How to Check Your Blood Sugar

Keeping track of how much sugar (glucose) is in your blood is an important part of self-care when you have diabetes. This is also called self-monitoring of blood glucose (SMBG). To make sure your glucose and insulin are in balance, check your blood sugar as instructed by your healthcare provider. You may need to check your blood glucose levels at certain times every day. Or you may need to check them only a few times a week. Think about teaching a close family member or friend how to test and record your blood glucose. This extra support may come in handy if you become ill.

What you need

To check your blood sugar, make sure you have the following: 

  • A small pricking needle (lancing device)

  • Test strips

  • A glucose meter. Be sure the test strips match the glucose meter.

  • A notebook, chart, or log book and pen or pencil

Using a blood glucose meter

You can check your blood sugar at home, at work, and anywhere else. Your diabetes team will help you choose a blood glucose meter. A meter measures the amount of glucose in a tiny drop of blood. You’ll use a device called a lancet to draw a drop of blood. Put the strip in the meter first. Then touch the test strip to the drop of blood. The meter then gives you a number (reading) that tells you the level of your blood sugar.

Close-up of woman testing her blood sugar.

Aim for your target range

Your blood sugar should be in your target range—not too high and not too low. A target range is where your blood sugar level is healthiest. Staying in this range as much as possible will help lower your risk for health problems (complications). Your diabetes team will help you figure out the best target range for you. That range depends on many things. They include your age, other health problems, how well your diabetes is controlled, and how long you've had diabetes. In general, target ranges are:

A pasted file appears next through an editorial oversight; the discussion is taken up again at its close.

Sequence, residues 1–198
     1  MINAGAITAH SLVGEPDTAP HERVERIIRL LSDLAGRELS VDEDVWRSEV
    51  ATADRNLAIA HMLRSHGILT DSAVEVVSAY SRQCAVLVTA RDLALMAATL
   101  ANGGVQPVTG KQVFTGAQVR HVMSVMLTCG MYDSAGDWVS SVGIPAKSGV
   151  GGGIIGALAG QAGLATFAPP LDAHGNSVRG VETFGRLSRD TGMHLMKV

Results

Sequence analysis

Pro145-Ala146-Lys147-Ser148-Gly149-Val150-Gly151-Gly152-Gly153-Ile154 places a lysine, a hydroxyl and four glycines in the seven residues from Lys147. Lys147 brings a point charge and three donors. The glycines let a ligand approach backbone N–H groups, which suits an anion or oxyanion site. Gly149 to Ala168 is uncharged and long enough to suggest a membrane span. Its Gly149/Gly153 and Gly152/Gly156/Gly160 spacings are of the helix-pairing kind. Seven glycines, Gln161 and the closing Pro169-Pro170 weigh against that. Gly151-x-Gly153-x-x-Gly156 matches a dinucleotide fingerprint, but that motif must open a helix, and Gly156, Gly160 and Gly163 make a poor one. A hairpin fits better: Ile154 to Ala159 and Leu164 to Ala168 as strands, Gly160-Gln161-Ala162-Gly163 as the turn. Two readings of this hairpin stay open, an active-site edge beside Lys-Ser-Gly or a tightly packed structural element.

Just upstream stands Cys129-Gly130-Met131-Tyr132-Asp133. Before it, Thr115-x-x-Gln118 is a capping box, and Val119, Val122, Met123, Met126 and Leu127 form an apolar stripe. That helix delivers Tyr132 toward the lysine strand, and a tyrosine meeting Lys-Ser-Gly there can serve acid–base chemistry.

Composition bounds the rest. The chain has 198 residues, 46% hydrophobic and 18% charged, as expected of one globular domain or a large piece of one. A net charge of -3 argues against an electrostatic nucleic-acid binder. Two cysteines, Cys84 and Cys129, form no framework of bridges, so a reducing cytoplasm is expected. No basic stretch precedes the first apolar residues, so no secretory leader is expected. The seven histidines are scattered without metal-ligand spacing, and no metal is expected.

• Control of blood glucose (hemoglobin A1c or A1c). This should generally be 7.0% or less. You will usually have this test at the lab.

  • Before a meal (preprandial glucose). The target range is between 80 and 130 mg/dL.

  • 1 to 2 hours after a meal (postprandial glucose). The range is less than 180 mg/dL.

  • At bedtime. The range should generally be between 90 and 150 mg/dL.

Track your readings

Use a notebook, chart, or log book to keep track of your readings. Write down the date, time, and your blood sugar level numbers. This helps you see patterns, such as high blood sugar after eating certain foods. Take your log along when you see your healthcare provider. Also in your notebook, write down any questions you have for your provider. They may also have an electronic medical record that offers helpful tools and tracking options.

Your blood glucose levels will help your provider decide if they need to make any changes to your management plan. To check your blood sugar, follow the steps below

Step 1. Get ready

  • Wash your hands for at least 20 seconds with soap and clean, running water.

  • Follow all of the instructions that came with your glucose meter. Be sure that your test strips were designed to be used with your meter and aren't expired. 

Step 2. Draw a drop of blood

  • Prick the side of your finger with the lancet. Squeeze gently until you get a drop of blood. Squeezing too hard can cause an inaccurate reading.

  • Put the lancet in a special sharps container. Ask your healthcare team where you can buy one or what you can use to throw away any sharps.

  • If you can't get enough blood, hold your hand at your side and gently shake it. If this is a common problem for you, ask your provider if you can use other parts of your body to get the blood from.

Step 3. Place the drop on a strip

  • Wait for the meter to show a message or symbol that it's time to test.

  • Touch the test strip to the drop of blood.

  • Follow the instructions included with the meter.

Step 4. Read and record your results

  • Wait for your meter to show the result.

  • If you see an error message, recheck using a fresh strip and a fresh drop of blood. Also recheck if the glucose numbers aren't what you expect—too low without symptoms, or too high for no reason.

  • Write the results in your log book. Bring your log book to your next appointment.

Online Medical Reviewer: Marianne Fraser MSN RN
Online Medical Reviewer: Raymond Kent Turley BSN MSN RN
Online Medical Reviewer: Robert Hurd MD
Date Last Reviewed: 11/1/2021
© 2000-2023 The StayWell Company, LLC. All rights reserved. This information is not intended as a substitute for professional medical care. Always follow your healthcare professional's instructions.